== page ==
an to the state government.
MSA also voted to terminate its mem-
bership with the United States Student
Association (USSA), of which MSA is a
member through its relationship with
MCC. MSA pays $25,000 annually for its
membership in MCC.
"We would hope that MSA would re-
join MCC because working as a coalition
students can achieve anything," said MCC
Chair Kellye Roberts, in a phone inter-
view last night from Lansing.
Support to withdraw came after MCC
Gov. Conan Smith, MSA's representative
to MCC, reversed his position. During his
campaign for MSA vice president last
month, Smith was a strong supporter of
Smith lost a bid for MCC chair last
weekend, but said his loss was not the
reason for his switch in position. "MCC
has proven not to be a viable organiza-
tion," Smith said.
But Roberts said the needs of the Uni-
versity can be met through MCC.
"No one can dispute the fact that MCC
is an effective student lobby," she said.
"Students across the state have the same
needs - access to higher education."
At the MCC convention, MSA del-
egates proposed a new constitution, which
was delayed until the next convention.
"We really believed we had the votes to
change MCC," Smith said.
MSA provides more than one-third of
MCC's $70,000 budget and received nine
of the 40 votes at the convention.
The funding for MCC was initiated
See MCC, Page 2
WHO: Polk Wagner, moderator, and public
WHAT: The Student Policy on Alcohol and Other Drugs}
WHEN, WHERE: tonight in the Michigan Union Crofoot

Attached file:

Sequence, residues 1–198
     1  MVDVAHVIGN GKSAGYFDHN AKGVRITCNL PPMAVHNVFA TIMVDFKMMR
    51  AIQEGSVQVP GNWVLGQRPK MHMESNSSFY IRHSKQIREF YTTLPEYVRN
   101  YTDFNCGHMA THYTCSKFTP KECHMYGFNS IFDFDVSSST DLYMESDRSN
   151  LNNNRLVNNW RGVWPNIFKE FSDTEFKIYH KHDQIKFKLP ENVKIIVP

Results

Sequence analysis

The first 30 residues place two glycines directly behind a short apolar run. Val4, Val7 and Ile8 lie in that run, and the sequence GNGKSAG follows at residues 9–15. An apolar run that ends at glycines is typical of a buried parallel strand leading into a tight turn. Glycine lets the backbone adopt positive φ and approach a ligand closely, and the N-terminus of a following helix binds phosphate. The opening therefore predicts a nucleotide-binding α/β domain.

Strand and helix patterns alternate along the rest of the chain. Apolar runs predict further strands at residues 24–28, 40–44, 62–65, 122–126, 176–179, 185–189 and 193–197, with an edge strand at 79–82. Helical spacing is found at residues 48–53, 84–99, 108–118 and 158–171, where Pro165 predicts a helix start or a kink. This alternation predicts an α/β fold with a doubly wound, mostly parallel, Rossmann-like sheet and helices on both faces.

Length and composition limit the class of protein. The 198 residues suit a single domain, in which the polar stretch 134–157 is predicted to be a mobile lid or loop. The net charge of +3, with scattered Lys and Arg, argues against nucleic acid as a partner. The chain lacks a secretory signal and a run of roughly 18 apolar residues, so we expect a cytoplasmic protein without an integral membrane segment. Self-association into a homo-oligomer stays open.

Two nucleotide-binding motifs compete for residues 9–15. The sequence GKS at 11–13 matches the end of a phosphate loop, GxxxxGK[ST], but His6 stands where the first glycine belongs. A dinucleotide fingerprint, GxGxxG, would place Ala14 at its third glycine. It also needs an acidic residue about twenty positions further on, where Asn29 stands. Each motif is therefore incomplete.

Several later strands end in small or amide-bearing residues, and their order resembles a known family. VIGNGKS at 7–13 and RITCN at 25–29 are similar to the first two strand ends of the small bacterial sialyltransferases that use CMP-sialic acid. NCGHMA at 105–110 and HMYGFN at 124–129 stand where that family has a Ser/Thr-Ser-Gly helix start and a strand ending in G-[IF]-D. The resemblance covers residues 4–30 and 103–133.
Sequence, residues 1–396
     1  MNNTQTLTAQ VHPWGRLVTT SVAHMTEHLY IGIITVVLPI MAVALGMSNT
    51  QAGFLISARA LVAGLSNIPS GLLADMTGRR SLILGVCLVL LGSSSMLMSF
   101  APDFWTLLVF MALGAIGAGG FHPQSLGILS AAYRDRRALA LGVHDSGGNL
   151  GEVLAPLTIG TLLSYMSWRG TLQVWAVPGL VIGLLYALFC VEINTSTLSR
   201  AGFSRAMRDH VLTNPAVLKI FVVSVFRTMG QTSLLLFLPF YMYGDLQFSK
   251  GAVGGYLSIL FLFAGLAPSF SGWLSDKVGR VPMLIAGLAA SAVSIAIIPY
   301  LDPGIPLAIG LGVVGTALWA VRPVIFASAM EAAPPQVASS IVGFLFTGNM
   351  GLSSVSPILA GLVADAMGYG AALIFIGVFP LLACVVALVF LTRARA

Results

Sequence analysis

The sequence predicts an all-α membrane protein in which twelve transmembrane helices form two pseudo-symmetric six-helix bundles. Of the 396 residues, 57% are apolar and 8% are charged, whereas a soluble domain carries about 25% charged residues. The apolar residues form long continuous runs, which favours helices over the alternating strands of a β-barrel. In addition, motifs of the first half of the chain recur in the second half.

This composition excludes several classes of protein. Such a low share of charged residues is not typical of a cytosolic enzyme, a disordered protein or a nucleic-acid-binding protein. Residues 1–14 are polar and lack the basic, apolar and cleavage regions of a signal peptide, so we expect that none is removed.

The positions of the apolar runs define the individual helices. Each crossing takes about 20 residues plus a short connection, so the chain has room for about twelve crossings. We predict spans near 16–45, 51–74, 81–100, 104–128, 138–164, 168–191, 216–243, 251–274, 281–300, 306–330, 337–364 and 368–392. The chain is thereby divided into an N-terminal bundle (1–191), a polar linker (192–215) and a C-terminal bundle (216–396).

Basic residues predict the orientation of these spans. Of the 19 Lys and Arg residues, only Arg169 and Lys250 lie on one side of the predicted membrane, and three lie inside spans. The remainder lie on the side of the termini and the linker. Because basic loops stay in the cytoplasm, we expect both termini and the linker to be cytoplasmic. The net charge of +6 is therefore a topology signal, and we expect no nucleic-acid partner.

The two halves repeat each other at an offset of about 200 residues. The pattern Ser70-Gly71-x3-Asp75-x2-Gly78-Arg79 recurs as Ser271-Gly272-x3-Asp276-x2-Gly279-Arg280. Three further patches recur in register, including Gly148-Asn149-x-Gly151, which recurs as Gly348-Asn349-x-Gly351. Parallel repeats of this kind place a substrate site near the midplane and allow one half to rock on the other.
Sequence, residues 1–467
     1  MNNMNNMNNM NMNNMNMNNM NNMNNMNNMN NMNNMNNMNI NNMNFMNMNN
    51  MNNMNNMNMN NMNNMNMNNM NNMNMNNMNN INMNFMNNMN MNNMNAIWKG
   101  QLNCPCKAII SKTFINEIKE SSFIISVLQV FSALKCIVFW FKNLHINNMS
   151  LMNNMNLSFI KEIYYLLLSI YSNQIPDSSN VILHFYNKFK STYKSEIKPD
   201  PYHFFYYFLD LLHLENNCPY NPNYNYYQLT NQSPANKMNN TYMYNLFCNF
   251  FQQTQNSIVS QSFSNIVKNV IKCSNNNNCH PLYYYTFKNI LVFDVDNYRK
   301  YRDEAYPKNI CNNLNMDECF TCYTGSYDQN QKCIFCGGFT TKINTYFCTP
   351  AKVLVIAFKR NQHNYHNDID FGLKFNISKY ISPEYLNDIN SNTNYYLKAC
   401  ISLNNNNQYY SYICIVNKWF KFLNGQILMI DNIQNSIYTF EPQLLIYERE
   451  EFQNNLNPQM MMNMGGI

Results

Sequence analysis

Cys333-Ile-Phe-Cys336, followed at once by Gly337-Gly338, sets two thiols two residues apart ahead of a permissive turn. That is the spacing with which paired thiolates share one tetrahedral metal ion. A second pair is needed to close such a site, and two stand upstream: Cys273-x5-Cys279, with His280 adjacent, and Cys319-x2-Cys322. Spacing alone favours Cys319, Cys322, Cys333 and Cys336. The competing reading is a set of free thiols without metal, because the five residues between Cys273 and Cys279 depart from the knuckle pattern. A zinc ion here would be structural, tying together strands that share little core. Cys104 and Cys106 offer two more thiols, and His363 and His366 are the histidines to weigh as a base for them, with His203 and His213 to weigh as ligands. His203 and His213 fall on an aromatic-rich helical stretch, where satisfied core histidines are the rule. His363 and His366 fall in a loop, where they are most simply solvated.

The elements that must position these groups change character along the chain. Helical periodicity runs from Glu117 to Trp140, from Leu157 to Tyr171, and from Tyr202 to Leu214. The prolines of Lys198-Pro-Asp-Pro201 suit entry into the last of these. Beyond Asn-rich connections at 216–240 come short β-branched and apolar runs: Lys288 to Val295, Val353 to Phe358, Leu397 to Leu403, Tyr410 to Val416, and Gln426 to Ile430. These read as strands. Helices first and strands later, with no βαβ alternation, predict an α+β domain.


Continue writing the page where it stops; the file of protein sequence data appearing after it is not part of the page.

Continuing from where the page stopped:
Room and tomorrow night in the Michigan Union Baits
TIME: 7:00 p.m. - 8:00 p.m.
1?blic sessions to discuss latest
drsi ns]a of proposed alcohol policyd''X
for fiscal story
By DAVID SHEPARDSON
DAILY NEWS EDITOR
A 32-year-old University student won a
Pulitizer Prize for best investigative reporting
First-year Law student Jim Mitzelfeld, in a
story he wrote with Eric Freedman of The
Detroit News, won the prize for beat reporting
for their articles that disclosed spending abuses
in the Michigan House Fiscal Agency.
After the News' series revealed that at least
$1.8 million had been misappropriated, 10
By MICHELLE LEE THOMPSON
DAILY STAFF REPORTER
Every Monday, Wednesday and
Friday morning this term, Brian
Coppola lectures about organic chem-
istry in Room 1800 of the Chemistry
Building to students who take Chem
Tonight, however, Coppola will
deliver his "Ideal Last Lecture" in
Rackam Auditorium to all the Uni-
versity students and faculty who can
get a seat. Coppola said his lecture,
titled, "How a Chemist Used Psy-
chology to Fix an Engine," will focus
Friends congratulate Mitzelfeld (r) yesterday.
"I've had a great experience in Law school
since September," he said. "But it's certainly
tempting to back to journalism. Who knows?"
Among other winners of 1994 Pulitzer Prizes:
The Beacon Journal of Akron, Ohio, won the
By ZACHARY M. RAIMI
DAILY STAFF REPORTER
chance to offer input. "The policy is for stu-
dents; it covers them. Every student has an